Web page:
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[lahyf-bluhd] /ˈlaɪfˌblʌd/
the blood, considered as essential to maintain life:
to spill one's lifeblood in war.
a life-giving, vital, or animating element:
Agriculture is the lifeblood of the country.
Origin of lifeblood
First recorded in 1580-90; life + blood Unabridged
Based on the Random House Dictionary, © Random House, Inc. 2018.
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Examples from the Web for lifeblood
Contemporary Examples
Historical Examples
  • One reference each of "lifeblood" and "life-blood" were retained.

    Red Cap Tales Samuel Rutherford Crockett
  • The curse impels her to attack him, to seek to drain his lifeblood.

  • And it was as if Dworn's own lifeblood had been drained and his own heart had stopped beating.

    World of the Drone Robert Abernathy
  • Not while my hands are free, my body quick With lifeblood, and my heart a man's.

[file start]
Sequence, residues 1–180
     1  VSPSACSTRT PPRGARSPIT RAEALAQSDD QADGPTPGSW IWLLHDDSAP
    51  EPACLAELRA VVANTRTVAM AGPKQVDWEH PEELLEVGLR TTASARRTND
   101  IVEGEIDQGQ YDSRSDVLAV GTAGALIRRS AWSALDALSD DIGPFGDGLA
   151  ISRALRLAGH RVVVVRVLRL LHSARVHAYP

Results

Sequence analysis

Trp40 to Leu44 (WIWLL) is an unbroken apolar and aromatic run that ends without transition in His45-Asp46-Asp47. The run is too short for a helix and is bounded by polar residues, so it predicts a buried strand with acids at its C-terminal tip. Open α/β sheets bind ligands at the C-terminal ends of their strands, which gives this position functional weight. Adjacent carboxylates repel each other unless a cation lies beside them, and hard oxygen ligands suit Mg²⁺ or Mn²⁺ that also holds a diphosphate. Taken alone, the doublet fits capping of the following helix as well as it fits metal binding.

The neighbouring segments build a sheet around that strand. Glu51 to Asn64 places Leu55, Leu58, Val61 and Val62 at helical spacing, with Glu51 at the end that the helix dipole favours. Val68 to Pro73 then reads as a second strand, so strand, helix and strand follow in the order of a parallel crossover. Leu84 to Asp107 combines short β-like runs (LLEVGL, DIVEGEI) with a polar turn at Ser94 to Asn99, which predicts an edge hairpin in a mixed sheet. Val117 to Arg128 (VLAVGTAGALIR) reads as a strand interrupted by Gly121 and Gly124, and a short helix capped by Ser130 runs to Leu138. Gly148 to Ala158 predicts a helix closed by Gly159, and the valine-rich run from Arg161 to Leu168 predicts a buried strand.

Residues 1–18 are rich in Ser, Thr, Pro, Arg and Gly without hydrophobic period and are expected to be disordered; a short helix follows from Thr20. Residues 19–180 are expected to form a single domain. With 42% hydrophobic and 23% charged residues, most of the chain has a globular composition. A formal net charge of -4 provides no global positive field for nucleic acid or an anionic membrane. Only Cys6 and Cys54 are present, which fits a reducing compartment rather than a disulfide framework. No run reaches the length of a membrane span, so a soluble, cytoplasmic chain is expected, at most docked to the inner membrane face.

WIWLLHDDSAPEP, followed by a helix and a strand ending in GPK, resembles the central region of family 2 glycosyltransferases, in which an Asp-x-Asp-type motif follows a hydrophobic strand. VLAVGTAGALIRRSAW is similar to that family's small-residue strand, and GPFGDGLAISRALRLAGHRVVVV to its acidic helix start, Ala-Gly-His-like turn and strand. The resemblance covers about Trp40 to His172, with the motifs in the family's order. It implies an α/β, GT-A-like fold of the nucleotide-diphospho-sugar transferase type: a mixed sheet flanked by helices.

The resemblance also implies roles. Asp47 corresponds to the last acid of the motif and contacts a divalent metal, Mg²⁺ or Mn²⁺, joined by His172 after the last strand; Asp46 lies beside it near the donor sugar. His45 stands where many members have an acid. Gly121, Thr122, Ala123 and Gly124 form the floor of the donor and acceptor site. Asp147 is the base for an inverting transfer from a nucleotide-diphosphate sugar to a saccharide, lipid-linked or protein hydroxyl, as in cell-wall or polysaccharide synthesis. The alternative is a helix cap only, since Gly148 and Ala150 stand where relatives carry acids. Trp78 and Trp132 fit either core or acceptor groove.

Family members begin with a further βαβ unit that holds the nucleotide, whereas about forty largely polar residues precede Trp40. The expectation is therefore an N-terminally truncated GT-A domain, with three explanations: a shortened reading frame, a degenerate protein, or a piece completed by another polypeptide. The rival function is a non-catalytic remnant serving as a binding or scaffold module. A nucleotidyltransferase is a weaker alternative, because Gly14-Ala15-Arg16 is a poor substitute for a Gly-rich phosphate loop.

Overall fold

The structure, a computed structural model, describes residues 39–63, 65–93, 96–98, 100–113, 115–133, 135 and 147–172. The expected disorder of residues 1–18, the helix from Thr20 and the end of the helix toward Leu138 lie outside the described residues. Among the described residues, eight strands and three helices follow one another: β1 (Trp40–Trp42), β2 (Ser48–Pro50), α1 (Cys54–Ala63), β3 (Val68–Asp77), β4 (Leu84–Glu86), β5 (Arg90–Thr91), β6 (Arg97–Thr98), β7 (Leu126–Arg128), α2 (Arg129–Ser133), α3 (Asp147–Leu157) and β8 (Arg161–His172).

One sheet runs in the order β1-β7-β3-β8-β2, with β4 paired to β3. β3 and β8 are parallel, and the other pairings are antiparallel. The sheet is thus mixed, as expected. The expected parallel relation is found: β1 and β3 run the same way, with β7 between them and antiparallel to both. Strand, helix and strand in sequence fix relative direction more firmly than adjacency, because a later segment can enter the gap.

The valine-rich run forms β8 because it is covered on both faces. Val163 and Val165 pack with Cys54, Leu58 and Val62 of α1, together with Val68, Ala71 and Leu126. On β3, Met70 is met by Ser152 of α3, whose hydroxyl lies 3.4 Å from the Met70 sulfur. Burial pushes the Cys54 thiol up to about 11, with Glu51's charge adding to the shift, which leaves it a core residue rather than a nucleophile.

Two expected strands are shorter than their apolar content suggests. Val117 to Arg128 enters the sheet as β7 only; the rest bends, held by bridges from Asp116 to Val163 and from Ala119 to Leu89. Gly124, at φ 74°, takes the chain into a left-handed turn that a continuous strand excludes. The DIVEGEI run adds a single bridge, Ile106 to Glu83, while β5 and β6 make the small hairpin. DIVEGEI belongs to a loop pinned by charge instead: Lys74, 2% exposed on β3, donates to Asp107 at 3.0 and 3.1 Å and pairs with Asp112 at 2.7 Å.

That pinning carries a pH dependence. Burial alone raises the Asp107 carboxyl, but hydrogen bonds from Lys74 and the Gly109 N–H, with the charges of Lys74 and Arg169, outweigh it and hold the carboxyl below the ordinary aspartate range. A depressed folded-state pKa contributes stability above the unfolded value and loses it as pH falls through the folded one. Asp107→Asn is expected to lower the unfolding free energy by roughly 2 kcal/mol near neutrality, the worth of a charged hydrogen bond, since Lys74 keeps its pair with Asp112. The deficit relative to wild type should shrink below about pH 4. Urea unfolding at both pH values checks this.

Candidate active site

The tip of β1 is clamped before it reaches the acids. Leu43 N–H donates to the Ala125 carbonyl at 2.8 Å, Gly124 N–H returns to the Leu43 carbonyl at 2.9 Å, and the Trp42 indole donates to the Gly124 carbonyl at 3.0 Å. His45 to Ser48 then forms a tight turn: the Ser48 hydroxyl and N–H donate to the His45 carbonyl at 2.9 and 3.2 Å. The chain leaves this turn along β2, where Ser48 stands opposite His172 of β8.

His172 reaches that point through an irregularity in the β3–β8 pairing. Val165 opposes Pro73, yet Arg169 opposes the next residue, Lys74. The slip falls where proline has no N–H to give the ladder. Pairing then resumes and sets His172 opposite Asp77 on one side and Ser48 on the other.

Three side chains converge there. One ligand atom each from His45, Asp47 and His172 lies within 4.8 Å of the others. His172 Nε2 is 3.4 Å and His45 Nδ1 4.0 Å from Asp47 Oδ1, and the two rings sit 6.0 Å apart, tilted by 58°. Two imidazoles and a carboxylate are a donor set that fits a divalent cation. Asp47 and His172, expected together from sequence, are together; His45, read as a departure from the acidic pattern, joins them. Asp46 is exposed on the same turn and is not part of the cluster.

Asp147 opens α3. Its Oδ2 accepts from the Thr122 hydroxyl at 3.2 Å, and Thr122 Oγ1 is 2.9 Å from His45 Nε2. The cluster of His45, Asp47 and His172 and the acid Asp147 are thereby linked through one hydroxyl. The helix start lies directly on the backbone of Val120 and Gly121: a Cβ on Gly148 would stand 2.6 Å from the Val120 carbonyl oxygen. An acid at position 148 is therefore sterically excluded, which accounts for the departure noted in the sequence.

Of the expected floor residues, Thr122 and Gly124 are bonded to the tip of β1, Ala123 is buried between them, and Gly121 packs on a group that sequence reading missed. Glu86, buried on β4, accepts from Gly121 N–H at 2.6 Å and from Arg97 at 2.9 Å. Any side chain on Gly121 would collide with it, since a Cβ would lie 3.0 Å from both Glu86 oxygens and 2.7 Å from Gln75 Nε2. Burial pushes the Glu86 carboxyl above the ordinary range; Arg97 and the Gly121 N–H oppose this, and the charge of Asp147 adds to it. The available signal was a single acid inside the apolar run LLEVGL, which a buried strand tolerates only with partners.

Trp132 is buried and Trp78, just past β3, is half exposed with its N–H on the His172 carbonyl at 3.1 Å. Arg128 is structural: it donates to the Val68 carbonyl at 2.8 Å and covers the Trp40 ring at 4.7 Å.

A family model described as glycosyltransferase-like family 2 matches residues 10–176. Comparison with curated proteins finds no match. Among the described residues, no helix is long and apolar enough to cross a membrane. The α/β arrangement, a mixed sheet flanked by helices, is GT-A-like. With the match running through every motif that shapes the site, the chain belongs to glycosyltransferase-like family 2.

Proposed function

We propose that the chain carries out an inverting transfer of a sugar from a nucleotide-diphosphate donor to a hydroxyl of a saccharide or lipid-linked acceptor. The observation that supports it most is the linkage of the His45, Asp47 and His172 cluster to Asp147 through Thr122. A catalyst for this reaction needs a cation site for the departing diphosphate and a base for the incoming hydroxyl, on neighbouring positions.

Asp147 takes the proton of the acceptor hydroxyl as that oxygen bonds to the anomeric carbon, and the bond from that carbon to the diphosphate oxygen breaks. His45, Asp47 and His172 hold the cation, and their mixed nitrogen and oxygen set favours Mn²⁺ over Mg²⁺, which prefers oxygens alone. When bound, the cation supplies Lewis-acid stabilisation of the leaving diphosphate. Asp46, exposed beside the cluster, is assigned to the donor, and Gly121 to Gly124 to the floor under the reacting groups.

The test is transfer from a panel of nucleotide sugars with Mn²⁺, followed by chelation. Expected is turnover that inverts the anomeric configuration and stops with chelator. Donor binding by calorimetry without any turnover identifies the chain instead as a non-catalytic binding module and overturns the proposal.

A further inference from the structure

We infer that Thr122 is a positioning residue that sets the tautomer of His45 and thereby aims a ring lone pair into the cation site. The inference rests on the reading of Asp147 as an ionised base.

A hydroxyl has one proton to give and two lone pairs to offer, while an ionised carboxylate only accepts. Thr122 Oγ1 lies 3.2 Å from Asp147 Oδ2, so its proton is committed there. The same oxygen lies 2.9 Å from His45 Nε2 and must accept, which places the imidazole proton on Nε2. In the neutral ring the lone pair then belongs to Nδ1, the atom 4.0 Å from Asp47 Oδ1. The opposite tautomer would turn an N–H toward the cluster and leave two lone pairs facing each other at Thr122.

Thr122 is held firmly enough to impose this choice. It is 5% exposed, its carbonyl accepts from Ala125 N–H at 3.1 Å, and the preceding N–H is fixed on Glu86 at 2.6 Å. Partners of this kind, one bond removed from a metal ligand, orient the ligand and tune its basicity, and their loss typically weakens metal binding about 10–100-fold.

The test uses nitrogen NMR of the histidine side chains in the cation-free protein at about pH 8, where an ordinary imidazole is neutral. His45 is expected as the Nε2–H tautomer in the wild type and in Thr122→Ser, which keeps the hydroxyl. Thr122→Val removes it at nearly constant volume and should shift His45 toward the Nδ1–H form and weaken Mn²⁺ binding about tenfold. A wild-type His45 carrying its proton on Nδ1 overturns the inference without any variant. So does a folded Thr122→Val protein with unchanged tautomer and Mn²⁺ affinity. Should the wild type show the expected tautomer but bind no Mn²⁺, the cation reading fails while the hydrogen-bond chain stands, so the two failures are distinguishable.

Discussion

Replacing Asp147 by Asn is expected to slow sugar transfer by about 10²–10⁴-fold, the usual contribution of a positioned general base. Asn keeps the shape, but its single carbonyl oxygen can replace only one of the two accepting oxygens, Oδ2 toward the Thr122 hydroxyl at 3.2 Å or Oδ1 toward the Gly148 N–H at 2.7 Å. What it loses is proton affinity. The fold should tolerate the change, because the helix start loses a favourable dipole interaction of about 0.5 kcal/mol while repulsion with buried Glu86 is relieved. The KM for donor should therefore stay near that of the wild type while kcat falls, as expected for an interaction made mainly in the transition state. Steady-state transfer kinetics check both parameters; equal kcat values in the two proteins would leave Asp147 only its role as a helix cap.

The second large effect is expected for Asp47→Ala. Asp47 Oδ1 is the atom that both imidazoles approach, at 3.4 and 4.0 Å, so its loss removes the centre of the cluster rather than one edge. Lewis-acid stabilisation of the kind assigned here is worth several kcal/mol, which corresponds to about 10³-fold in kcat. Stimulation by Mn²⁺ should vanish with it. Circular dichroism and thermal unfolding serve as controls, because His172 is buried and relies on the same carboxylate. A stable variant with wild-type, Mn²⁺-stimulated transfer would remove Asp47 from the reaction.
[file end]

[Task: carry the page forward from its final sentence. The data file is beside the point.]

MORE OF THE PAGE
Virginia, A Tragedy Marion Forster Gilmore
  • Business was crippled; industry was squeezed dry of its lifeblood.

    Readings in Money and Banking

    Chester Arthur Phillips
British Dictionary definitions for lifeblood


the blood, considered as vital to sustain life
the essential or animating force
Collins English Dictionary - Complete & Unabridged 2012 Digital Edition
© William Collins Sons & Co. Ltd. 1979, 1986 © HarperCollins
Publishers 1998, 2000, 2003, 2005, 2006, 2007, 2009, 2012
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Word Origin and History for lifeblood

also life-blood, 1580s, "blood necessary for life," from life (n.) + blood (n.). Figurative and transferred use is from 1590s.

Online Etymology Dictionary, © 2010 Douglas Harper
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